The BiasVariance Decomposition Demystified
Introduction
The generalisation error of a machine learning algorithm measures how accurately the learning algorithm is able to predict the outcome of new data, unseen during training. The biasvariance decomposition shows the generalisation error as the sum of three terms: bias, variance, and the irreducible error.
$$ \tag{1} \text{Generalisation error} = \text{Bias}^2 + \text{Variance} + \text{Irreducible Error} $$
In many statistics and machine learning texts, this decomposition is just presented and its derivation skipped. In texts where it derived, it is often presented in a way that is inaccessible to many people. And why is it important to understand this derivation? Because the decomposition is a useful theoretical tool for understanding the performance of a learning algorithm. Understanding how bias and variance contribute to generalisation error helps us understand underfitting and overfitting.
The goal of this article is to present the biasvariance decomposition in an accessible and easytofollow format. We will restrict our discussion of this decomposition to regression problems where mean squared error is used as the performance metric.
A Quick Statistics Refresher
We will go over some statistics concepts that will aid our understanding of the other concepts we will discuss.
Expectation of a random variable
The expectation^{1} or expected value of a random variable $X$, written as $\mathbb{E}[X]$, is the mean of a large number of observations of the random variable. The expectation has some basic properties:
 The expectation of any constant $c$ is the constant:
$$ \tag{2} \begin{aligned} \mathbb{E}[c] = c \end{aligned} $$
$\mathbb{E}\big[\mathbb{E}[X]\big] = \mathbb{E}[X]$ because the expection of a random variable is a constant.
 Linearity of expectations: For any random variables $X$ and $Y$, the expectation of their sum is equal to the sum of their expectations:
$$ \tag{3} \begin{aligned} \mathbb{E}[X+Y] = \mathbb{E}[X] + \mathbb{E}[Y] \end{aligned} $$
 For any random variable $X$ and a constant $c$:
$$ \tag{4} \begin{aligned} \mathbb{E}[cX] = \mathbb{E}[c]\mathbb{E}[X] = c\mathbb{E}[X] \end{aligned} $$
Variance of a random variable
The variance of a random variable $X$ is the expectation of the squared difference of the random variable from its expectation $\color{blue} \mathbb{E}[X]$. In other words, it measures on average how spread out observations of the random variable are from the expectation of the random variable.
$$ \begin{aligned} \tag{5} \text{Var}(X) & = \mathbb{E}\Big[\Big(X  {\color{blue} \mathbb{E}[X]}\Big)^2\Big] \\ & = \mathbb{E}\Big[\Big(X  {\color{blue}\mathbb{E}[X]} \Big)\Big(X  {\color{blue} \mathbb{E}[X]}\Big)\Big] \\ & = \mathbb{E}\Big[\Big(X^2  2X{\color{blue}\mathbb{E}[X]} + {\color{blue}\mathbb{E}[X]}^2\Big)\Big] \end{aligned} $$
If we recall that the expectation of a random variable $\color{blue}\mathbb{E}[X]$ is a constant and if we use the properties stated in equations (3) and (4), we get:
$$ \tag{6} \begin{aligned} \text{Var}(X) & = \mathbb{E}\big[X^2\big]  \mathbb{E}\big[2X{\color{blue}\mathbb{E}[X]}\big] + \mathbb{E}\big[{\color{blue}\mathbb{E}[X]}^2\big] \\ & = \mathbb{E}[X^2]  2{\color{blue}\mathbb{E}[X]\mathbb{E}[X]} + {\color{blue}\mathbb{E}[X]}^2 \\ & = \mathbb{E}[X^2]  2{\color{blue}\mathbb{E}[X]}^2 + {\color{blue}\mathbb{E}[X]}^2 \\ \text{Var}(X) & = \mathbb{E}[X^2]  {\color{blue}\mathbb{E}[X]}^2 \end{aligned} $$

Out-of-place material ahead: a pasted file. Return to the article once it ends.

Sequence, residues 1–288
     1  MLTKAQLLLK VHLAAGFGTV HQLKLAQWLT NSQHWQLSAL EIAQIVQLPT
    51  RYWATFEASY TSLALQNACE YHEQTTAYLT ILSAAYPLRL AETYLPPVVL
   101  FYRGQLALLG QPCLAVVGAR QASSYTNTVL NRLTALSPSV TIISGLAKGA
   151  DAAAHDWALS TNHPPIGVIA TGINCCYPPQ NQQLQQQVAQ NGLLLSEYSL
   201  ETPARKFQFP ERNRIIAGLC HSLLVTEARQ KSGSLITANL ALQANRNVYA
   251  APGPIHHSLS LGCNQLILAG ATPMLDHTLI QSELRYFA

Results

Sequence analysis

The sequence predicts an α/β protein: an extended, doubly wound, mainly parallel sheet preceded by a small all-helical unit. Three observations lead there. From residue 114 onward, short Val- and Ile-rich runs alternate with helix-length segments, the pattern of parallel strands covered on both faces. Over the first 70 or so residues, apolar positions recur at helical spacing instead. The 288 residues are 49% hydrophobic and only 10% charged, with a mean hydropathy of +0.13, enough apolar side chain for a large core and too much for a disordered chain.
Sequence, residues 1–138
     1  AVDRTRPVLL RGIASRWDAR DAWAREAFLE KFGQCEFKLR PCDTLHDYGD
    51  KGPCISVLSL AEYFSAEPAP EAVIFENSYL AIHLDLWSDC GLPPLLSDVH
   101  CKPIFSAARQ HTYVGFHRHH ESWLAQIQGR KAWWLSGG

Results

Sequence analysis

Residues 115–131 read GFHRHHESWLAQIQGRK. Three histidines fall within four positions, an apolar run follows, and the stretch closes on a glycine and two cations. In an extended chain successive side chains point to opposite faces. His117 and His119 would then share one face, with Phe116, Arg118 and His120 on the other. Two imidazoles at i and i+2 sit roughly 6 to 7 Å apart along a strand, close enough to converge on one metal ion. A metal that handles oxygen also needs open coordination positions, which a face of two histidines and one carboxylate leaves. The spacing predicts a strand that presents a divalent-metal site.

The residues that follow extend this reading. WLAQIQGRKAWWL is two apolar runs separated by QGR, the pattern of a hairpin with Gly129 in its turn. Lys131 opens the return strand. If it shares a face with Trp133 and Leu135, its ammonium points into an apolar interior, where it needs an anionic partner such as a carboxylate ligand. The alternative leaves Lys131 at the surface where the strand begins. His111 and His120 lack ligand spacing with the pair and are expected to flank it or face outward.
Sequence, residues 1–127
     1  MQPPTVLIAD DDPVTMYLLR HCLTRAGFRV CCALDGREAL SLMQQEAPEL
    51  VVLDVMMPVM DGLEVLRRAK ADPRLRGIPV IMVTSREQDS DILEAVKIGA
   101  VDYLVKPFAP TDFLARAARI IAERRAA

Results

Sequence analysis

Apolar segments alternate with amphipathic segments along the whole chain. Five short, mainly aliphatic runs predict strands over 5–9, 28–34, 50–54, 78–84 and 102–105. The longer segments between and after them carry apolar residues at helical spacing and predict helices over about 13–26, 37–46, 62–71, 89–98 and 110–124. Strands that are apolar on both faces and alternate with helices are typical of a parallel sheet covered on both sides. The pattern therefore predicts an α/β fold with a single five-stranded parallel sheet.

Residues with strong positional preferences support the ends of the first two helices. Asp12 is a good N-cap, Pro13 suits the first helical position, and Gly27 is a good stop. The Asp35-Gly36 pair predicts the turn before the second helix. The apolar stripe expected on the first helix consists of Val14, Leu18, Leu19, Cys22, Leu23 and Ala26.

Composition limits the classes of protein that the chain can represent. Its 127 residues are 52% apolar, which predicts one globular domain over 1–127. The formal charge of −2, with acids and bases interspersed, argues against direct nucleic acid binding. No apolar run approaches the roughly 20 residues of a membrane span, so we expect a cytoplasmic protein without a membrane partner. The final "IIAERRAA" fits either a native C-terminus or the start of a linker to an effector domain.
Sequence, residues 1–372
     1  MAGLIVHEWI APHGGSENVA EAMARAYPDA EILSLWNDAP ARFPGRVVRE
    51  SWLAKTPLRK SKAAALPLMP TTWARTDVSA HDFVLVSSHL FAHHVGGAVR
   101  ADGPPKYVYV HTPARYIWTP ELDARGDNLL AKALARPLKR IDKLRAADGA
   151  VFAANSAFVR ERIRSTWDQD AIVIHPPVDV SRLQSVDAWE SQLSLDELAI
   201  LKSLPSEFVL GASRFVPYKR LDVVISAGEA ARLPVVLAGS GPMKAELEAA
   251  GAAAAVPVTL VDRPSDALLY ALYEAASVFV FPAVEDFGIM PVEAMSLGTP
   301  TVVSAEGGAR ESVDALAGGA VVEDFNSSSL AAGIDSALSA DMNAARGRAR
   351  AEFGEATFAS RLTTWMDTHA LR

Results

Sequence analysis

We could rewrite equation (6) as:
$$ \tag{7} \begin{aligned} \mathbb{E}[X^2] & = \text{Var}(X) + {\color{blue}\mathbb{E}[X]}^2 \\ & = \mathbb{E}\Big[\Big(X  {\color{blue} \mathbb{E}[X]}\Big)^2\Big] + {\color{blue}\mathbb{E}[X]}^2 \end{aligned} $$
BiasVariance Decomposition for regression problems
If we are trying to predict a quantitative variable $Y$ with features $X$, we may assume that there is a true, unknown function $\color{green} f(X)$ that defines the relationship between $X$ and $Y$. Linear regression makes the following assumptions about this relationship:
 There is a linear function between the conditional population mean of the outcome $Y$ and the features $X$. This function is called the true regression line and it is the unknown function we will estimate using training data.
$$ \tag{8} \begin{aligned} \color{green} f(X) = \mathbb{E}[YX] = \boldsymbol\beta^\mathsf{T} X \end{aligned} $$
 Individual observations of $Y$ will deviate from the true regression line by a certain amount. For example, if the feature $X$ is age of a person and the outcome variable $Y$ is height, $\color{green}f(X)$ is the mean height of people of a certain age, and each person’s height will deviate from the mean height by a certain amount. An error term $\boldsymbol \epsilon$ captures this deviation. We assume that it is normally distributed with expectation $\mathbb{E}[\boldsymbol \epsilon] = 0$ and variance $\text{Var}(\boldsymbol \epsilon) = \sigma^2$. We also assume that $\boldsymbol \epsilon$ is independent of $X$ and cannot be estimated from data.
$$ \tag{9} \begin{aligned} \color{green} Y = f(X) + \epsilon \end{aligned} $$
To estimate the true, unknown function, we obtain a training dataset $\mathcal{D}$ of $n$ examples $\big[(x_1, {\color{green}y_1}), \cdots (x_n, {\color{green}y_n})\big]$ drawn i.i.d^{2} from a data generating distribution $P(X,Y)$ and use a learning algorithm $\mathcal{A}$, say linear regression, to train a model $\color{red}\hat f_\mathcal{D}(X)$ that minimises mean squared error over the training examples. $\color{red}\hat f_\mathcal{D}(X)$ has subscript $\mathcal{D}$ to indicate that the model was trained on a specific training dataset $\mathcal{D}$. We call $\color{red}\hat f_\mathcal{D}(X)$ the model of our true, unknown function $\color{green}f(X)$.